You are here

Non-Invasive Shock: Differentiating Shock in the Emergency Department

Shock is a common final pathway for many disease states, occurring when oxygen and nutrient delivery are not sufficient to maintain normal cellular function. The incidence of shock in the emergency department (ED) is approximated to be 1-3% of ED patients(1), and it carries a high mortality, ranging from 20-50% depending on the underlying cause of shock(2). Early recognition and treatment of shock significantly improves outcomes in critically ill patients(2, 3), and so the majority of efforts to this point have focused on identifying patients with shock.

The many etiologies of shock may be grouped into several broader categories: cardiogenic, distributive, hemorrhagic, hypovolemic, anaphylactic, and neurogenic. These categories cause shock through different mechanisms, but they have a significant amount of clinical overlap (4-7), making differentiating the cause of shock challenging for the emergency provider. While some overlap also exists between the treatments for these categories, several have vastly different therapeutic approaches. Since the early treatment of shock influences outcomes(2, 3, 8, 9), identifying the correct etiology to treat should logically impact outcomes as well, although this has not been studied in shock patients. However, Moore, et al., did show that physicians were only able to correctly identify the cause of hypotension in 25% of hypotensive patients in the ED, speaking to both the difficulty in diagnosing shock etiologies and the high percentage of patients with undifferentiated shock(10).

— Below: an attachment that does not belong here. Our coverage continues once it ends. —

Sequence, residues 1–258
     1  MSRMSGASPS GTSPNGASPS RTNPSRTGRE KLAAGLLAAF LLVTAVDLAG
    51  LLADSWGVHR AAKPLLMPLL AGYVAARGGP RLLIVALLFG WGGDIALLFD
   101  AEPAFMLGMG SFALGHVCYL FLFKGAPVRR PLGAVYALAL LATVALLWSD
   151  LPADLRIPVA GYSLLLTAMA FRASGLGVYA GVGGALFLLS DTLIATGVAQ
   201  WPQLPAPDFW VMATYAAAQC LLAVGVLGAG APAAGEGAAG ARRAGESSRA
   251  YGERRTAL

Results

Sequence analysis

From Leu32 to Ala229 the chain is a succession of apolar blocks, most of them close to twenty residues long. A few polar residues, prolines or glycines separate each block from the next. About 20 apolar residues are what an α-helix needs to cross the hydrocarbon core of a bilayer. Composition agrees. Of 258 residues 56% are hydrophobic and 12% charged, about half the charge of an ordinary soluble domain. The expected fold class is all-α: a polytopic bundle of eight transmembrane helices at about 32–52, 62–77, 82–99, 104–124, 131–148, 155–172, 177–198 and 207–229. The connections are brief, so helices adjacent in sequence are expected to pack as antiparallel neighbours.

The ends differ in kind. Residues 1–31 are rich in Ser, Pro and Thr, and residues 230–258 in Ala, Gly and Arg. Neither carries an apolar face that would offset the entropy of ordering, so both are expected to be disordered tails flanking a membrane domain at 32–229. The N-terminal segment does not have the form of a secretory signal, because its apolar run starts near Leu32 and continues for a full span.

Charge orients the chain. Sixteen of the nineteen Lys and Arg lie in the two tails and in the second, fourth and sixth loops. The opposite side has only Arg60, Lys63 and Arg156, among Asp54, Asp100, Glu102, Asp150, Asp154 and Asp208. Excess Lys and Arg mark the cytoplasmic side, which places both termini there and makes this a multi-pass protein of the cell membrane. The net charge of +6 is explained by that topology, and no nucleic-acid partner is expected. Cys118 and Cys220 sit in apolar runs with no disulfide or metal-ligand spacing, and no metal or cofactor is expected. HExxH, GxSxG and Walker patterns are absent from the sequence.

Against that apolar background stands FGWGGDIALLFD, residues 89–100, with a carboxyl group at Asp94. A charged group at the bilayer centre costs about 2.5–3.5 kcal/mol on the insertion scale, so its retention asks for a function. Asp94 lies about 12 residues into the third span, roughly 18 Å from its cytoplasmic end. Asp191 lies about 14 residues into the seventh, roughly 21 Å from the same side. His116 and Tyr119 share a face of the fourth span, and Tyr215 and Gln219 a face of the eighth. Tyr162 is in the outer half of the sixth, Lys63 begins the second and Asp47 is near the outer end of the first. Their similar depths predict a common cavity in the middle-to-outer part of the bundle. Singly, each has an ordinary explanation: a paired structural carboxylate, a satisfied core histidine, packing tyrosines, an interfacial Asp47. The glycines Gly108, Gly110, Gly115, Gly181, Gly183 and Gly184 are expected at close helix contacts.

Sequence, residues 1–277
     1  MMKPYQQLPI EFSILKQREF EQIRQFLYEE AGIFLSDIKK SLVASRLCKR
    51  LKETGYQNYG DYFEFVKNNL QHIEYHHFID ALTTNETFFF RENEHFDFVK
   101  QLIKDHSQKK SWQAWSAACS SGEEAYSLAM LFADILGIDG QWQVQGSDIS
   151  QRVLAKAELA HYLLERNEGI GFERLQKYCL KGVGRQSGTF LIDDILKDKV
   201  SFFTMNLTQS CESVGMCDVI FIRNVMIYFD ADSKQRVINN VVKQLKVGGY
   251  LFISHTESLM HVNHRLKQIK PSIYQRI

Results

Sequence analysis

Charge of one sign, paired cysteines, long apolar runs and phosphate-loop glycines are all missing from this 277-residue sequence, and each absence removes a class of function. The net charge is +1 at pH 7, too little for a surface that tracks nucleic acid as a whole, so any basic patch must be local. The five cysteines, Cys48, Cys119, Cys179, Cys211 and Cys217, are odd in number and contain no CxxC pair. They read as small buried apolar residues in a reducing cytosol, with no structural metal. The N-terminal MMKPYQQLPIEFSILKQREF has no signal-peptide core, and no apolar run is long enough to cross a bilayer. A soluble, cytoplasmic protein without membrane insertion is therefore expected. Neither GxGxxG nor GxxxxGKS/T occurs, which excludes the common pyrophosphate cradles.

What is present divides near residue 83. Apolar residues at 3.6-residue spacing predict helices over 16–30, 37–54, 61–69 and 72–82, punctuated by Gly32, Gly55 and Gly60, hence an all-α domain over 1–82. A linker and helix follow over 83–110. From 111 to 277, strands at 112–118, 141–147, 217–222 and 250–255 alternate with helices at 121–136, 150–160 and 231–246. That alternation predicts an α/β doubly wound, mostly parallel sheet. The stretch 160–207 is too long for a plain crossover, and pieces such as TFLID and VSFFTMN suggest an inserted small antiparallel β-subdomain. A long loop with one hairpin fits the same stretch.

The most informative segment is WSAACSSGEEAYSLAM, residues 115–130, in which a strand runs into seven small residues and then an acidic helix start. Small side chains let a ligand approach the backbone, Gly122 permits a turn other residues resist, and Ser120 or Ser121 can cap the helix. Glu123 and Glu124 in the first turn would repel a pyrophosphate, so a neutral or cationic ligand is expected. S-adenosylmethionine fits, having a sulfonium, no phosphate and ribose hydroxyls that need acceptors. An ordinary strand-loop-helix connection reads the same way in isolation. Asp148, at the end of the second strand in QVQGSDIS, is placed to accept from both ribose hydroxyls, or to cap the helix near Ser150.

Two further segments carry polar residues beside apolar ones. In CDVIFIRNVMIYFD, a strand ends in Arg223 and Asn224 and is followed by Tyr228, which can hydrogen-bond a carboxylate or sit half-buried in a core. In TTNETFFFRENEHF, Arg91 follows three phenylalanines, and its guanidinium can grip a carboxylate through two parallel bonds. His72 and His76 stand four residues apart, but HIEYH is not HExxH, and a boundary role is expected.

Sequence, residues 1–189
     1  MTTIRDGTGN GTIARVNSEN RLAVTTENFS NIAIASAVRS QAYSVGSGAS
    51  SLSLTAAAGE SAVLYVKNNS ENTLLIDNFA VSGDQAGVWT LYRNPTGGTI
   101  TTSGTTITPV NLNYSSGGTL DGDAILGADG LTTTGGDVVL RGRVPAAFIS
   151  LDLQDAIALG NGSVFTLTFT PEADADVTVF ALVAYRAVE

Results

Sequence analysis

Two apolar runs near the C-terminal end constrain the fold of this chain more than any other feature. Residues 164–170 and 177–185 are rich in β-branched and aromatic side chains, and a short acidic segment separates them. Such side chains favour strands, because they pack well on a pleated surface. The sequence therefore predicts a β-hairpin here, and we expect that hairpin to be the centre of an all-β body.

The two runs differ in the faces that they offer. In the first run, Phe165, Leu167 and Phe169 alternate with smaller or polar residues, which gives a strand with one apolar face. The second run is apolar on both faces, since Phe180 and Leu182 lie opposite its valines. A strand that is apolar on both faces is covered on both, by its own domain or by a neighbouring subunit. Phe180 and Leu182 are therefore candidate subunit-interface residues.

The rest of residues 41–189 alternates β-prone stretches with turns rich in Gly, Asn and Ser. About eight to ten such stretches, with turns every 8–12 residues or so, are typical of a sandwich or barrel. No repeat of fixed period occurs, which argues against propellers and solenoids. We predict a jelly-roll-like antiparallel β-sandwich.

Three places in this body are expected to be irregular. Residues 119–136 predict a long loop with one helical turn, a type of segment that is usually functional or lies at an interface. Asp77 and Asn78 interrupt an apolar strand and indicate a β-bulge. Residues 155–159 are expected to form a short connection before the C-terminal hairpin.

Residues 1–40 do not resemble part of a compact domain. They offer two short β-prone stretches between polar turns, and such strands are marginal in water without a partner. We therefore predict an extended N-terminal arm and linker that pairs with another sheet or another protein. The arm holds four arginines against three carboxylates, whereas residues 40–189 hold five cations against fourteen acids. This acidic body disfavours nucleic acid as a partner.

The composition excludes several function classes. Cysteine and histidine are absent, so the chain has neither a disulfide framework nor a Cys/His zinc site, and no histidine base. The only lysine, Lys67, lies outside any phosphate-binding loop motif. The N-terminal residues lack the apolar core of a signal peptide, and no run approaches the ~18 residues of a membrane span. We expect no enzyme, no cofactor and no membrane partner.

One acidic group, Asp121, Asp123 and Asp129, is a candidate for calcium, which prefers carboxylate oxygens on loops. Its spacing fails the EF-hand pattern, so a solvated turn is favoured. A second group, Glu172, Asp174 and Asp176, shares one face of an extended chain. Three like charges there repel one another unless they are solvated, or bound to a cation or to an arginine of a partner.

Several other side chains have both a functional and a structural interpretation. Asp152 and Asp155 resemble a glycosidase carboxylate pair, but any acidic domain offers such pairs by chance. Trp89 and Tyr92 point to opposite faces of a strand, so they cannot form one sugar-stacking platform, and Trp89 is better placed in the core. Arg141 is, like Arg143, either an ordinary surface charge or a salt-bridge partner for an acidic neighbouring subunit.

Recently, a number of different devices and biomarkers have been suggested to have clinical utility in differentiating shock and guiding resuscitation(11-13). These devices have potential to aid in the differentiation of shock.

We will conduct a prospective, observational study of patients found to have shock and "near-shock" physiology in the emergency department. We will identify patients meeting our inclusion criteria which will identify shock and "near shock" patients. Inclusion criteria will include: HR > 120, SBP < 90, or a shock index (HR/SBP) > 1 for at least five minutes. Patients that do meet vital sign requirements, but have a lactate > 4 mmol/L, will also be included.

Enrolled patients will undergo physiologic assessments using echocardiography, Microscan, Non-invasive cardiac output monitor (NICOM), and extremity temperature device, as well as a blood draw for biomarker assessment.